In the pool above "SUV Pool" I caught some little darter or dace.

I moved up stream to a higher section I had never fished before. And then it happened, I hooked and landed the fish of the day... a nice 8 inch wild brook trout, in a TINY run with a pool barely large enough to house said fish.

I took a picture holding my rod out for perspective.

I love when you find surprises like that. The rain picked up but I was feeling good and kept going to see what I had missed last time. I was soon pretty happy about that decision, because I found an even more beautiful upper section of the gorge.

I decided that I should definitely continue up river and fish the pool above, which would not have been accessible during higher water periods.

The first one held a few trout, but I figured I'd save it for the way back.

Working my way up the gorge I took a few photos of the stunning rock walls and bright light coming in from above.

I unfortunately spooked a few fish here and the pool went quiet. The rod could reach most of the spots I wanted to fish, and I liked the zoom flexibility. I wish it went one step farther to about 3.2 meters.

This was the last pool I fished, going above the second falls would have to wait for another day with less slippery rock, and perhaps a different approach.

Fishing the pool below that I had saved, I landed a couple more fish. This one was the most photogenic by far.

On the walk out the greenery was really standing out after the rain. We could use a little more. 

It ended up being a really fun day, and I liked the Yuyuzan 290 ZX enough for specific conditions, but was disappointed in it overall. It had a very slight rattle when casting in the collapsed 2.4 meter position, but when extended that obviously wasn't the case. I did find it just a tad tip heavy in the longer 2.9 meter setting, but not too much. There is no tip swivel.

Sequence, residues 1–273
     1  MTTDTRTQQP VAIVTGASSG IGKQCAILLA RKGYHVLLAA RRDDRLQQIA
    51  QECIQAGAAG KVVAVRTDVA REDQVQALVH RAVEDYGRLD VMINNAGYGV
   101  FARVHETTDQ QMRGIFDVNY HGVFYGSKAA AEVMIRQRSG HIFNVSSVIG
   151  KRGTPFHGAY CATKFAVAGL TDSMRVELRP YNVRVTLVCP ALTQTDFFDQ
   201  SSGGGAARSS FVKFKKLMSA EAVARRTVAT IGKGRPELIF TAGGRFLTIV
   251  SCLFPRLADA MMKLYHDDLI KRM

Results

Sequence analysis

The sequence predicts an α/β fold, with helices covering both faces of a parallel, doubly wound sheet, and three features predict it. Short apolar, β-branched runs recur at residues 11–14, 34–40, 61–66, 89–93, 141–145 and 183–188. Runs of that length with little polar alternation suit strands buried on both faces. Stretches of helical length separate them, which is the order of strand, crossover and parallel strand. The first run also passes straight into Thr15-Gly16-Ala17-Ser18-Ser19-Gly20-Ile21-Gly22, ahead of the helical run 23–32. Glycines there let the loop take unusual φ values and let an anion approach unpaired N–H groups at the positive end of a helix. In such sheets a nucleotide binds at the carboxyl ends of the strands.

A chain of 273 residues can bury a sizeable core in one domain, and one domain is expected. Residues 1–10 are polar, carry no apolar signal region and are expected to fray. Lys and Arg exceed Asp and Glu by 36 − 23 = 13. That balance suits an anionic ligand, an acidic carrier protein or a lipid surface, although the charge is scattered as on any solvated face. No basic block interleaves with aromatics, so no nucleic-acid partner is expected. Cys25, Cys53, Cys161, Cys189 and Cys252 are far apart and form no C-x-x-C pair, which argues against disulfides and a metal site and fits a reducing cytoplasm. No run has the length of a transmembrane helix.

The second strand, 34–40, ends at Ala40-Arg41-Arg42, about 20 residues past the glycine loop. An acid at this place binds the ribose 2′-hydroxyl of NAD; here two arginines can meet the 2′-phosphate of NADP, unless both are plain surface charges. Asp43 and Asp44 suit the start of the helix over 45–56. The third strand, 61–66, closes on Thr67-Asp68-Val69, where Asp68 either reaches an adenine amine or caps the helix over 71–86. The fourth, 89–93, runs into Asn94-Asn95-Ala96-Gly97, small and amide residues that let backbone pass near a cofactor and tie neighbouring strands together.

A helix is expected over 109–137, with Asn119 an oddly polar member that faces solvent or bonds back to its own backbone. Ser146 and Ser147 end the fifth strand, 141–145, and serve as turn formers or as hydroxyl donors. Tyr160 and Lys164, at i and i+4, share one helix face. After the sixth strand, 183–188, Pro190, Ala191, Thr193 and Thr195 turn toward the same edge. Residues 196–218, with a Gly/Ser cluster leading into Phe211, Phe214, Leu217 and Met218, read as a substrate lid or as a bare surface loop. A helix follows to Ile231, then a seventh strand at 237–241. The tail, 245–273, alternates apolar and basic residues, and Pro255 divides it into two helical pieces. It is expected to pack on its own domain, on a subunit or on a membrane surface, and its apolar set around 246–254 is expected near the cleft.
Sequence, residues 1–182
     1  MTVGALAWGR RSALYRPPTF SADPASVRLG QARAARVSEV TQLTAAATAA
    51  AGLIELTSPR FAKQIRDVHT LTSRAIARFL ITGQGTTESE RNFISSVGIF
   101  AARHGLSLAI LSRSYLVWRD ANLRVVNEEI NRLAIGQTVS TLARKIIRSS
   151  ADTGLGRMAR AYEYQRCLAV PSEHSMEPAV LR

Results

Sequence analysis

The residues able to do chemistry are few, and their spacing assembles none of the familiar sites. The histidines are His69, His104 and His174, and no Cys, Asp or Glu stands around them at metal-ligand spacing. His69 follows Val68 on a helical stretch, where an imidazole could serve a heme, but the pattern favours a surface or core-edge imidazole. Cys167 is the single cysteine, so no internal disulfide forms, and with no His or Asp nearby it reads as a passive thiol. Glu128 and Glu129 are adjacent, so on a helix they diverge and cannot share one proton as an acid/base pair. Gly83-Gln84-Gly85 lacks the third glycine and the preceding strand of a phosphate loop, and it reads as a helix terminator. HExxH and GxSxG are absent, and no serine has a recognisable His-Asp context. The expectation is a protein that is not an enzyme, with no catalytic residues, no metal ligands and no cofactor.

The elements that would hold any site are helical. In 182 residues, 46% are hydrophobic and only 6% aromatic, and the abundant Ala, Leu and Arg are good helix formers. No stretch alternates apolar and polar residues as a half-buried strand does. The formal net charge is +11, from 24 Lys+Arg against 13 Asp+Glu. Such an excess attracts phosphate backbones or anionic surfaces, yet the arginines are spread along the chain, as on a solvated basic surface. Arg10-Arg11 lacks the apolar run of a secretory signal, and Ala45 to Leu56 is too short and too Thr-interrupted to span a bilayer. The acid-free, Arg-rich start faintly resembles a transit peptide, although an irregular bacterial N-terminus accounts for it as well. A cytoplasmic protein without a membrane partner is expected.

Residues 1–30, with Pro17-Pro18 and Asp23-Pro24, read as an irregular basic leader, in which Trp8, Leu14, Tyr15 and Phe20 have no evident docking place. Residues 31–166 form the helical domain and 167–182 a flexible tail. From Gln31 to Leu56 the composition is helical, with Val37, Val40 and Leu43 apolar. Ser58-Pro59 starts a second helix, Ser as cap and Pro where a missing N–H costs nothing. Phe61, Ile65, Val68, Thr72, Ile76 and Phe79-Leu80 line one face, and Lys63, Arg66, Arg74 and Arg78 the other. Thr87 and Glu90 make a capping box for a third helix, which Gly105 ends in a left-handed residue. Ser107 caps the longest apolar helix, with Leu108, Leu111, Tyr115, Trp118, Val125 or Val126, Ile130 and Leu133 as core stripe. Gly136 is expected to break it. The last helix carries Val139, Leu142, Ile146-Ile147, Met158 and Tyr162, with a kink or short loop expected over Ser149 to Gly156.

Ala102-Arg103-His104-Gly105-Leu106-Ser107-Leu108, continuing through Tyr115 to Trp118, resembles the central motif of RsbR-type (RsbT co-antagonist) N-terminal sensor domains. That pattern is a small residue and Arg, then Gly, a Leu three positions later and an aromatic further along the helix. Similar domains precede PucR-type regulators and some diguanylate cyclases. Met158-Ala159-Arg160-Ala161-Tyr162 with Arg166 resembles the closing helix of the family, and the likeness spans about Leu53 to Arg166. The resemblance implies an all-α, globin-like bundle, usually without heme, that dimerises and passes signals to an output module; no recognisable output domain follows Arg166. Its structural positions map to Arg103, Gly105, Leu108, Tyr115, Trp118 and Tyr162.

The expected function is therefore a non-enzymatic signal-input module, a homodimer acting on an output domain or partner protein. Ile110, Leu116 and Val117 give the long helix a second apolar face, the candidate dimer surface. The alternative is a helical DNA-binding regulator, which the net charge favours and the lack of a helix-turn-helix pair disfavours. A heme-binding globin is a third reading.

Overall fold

The rod is generally pretty stiff, and that's an issue - while the very first tip section is relatively flexible, the sections immediately below are much stiffer - this rod is definitely designed for heavy flies and is solidly a "keiryu" style rod in my opinion, not a crossover Tenkara rod. I'd rate it at a stiff 8:2. Personally, I think there are better choices in these lengths if you don't need a rod for heavier flies. The rod is a little on the short side for "all around fishing." I lost more fish with this rod than any other I've tried to date... food for thought.

 You can read more about this rod on Tom Davis' Teton Tenkara blog as well. In addition, Nissin makes another version of this rod that zooms between 2.9 and 3.3 meters. I will try to review that rod soon, as I bought one as well. (Update - same issues on that rod, just longer.)


  1. Nice! That is a cool looking darter.

    1. RM Lytle... it was pretty cool looking! It went after a fly more than half its size :)

  2. Adam, do you fish Tenkara exclusively?

    1. Alan, for the last 4 seasons, yes... Although technically I use a Keiryu rod even more often than a Tenkara rod.

      The difference is that Tenkara rods have cork grip and more flex by definition, whereas the Keiryu rods, traditionally used for throwing bait weighted with split shot on the line, have thinner grip sections and no cork, and tend to be stiffer for control of the extra weight.

      I prefer the Keiryu rods in general simply because I fish heavy flies quite often... I prefer a more active style of manipulating flies and don't dead drift quite as much as I used to.

      Sorry for the long winded reply here but figured I may as well explain some of the basic details instead of answering with a more simple "yes." :)